This is a bad deal for you. It wouldn’t take effect until 2018 at the earliest. It’s not guaranteed – only when General Fund revenues grow faster than inflation. It likely amounts to token rate reduction in any given year. For example, if revenues rise 1% faster than inflation, you’re looking at a rate rollback of 0.04 percentage points – a family of four making $50,000 would see a tax cut of less than $15. And wealthier individuals will benefit the most from the across-the-board tax cuts. (more…)

Tax Cuts Won’t Grow the Economy

Full report in PDF

Across-the-board income tax cuts will not boost Michigan’s economy but would contribute to rising income inequality, and further drain resources from public schools, community colleges, universities, health care and public safety—the very services that fuel economic growth. Despite claims that income tax cuts create economic growth, there is no evidence that they generate the good jobs our state needs.

State economists are now predicting that Michigan revenues will be higher than originally predicted, creating a “surplus” of approximately $970 million over a three-year period. In response, some leaders in the Michigan Legislature are advocating a rollback of the state’s personal income tax. Their primary sales pitch is that it will improve Michigan’s economy—despite clear evidence from other states and a large body of research that show income tax cuts do not produce the often-promised economic benefits.

The surplus myth

Higher-than-expected revenues (over what was estimated in May of 2013) come after years of budget cuts resulting from changes in the national and Michigan economy, along with tax policies that reduced state revenues available for vital public services. The state has a lot of ground to make up, so calling the revenue situation a “surplus” is misleading.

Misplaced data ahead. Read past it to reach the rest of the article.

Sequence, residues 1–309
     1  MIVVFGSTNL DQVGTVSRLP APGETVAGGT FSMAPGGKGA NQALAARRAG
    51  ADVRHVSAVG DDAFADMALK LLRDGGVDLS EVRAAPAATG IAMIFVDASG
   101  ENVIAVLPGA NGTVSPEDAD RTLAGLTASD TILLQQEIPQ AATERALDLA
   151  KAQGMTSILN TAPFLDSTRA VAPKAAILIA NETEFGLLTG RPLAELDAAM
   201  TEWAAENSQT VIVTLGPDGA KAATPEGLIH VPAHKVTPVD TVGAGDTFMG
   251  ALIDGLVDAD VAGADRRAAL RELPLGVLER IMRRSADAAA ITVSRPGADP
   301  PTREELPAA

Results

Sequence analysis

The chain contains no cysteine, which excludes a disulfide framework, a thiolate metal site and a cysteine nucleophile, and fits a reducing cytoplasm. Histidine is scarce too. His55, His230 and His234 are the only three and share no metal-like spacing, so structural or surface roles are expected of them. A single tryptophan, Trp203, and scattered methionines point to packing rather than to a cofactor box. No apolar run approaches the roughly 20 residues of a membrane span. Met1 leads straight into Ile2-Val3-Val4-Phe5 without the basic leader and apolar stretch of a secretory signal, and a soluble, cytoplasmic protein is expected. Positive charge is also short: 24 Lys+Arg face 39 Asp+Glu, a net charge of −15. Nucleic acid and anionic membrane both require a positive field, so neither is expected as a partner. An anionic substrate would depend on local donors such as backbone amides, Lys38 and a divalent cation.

In fact, adjusted for inflation, between Fiscal Years 2000 and 2012, spending from the state General Fund fell by 25%, with deep cuts in education, public health, and funding for local governments and other public services. The personal income tax is a major source of revenue for state programs, accounting for 66% of the state’s General Fund and 30% of all state funding.1

If the state’s personal income tax had been reduced from 4.25% to 3.9% in Fiscal Year 2013, the result would have been a loss of approximately $680 million in state revenue at a time when public services are already underfunded.2 If phased in by 2015, the annual loss of state revenue could be as high as $1 billion3—approximately what the state currently spends on community colleges, state police and the judiciary combined.

The drawback of across-the-board income tax cuts

Income tax cuts don’t create jobs and economic growth. Decades of research, as well as evidence from other states, show that income tax cuts will not create the good jobs our state needs, and will undermine our future by making it harder to invest in what does build a strong economy.

  • The Congressional Research Service studied 65 years of federal tax and economic data and concluded that top income tax rates have had no discernible impact on economic growth.4
  • Studies of the impact of state personal income tax levels on economic growth are particularly likely to find no economic benefit from lower taxes.

— The nine states with the highest income tax rates have on average seen considerably more economic growth per capita over the last decade than the nine states without a personal income tax.5
— The five states that cut taxes the most during the 1990s had weaker job and personal income growth than other states.6
— Of the nine states that cuts taxes during the 2000s before the national recession, six saw their economies fall behind the rest of the country on three important measures—job creation, production growth, and income growth. The remaining three states were major oil and natural gas producers whose economies benefited from rising oil prices.

Income tax cuts disproportionately benefit the wealthiest taxpayers. Supporters of a personal income tax cut try to justify it as a way to help low- and moderate-income families who were negatively affected by the tax shift of 2011, which cut business taxes by 83% and increased taxes on many low-income workers and retirees, including a 70% cut in the Earned Income Tax Credit for low-wage workers.

In fact, most of the benefits of a cut in the state’s personal income tax from its current level of 4.25% to 3.9% would flow to Michigan’s wealthiest taxpayers, at a time when inequality and poverty are already high.

  • Nearly one in four (23%) of Michigan households would receive no tax cut at all—including more than half of the state’s poorest taxpayers (the bottom 20% of earners who make $18,000 a year or less).7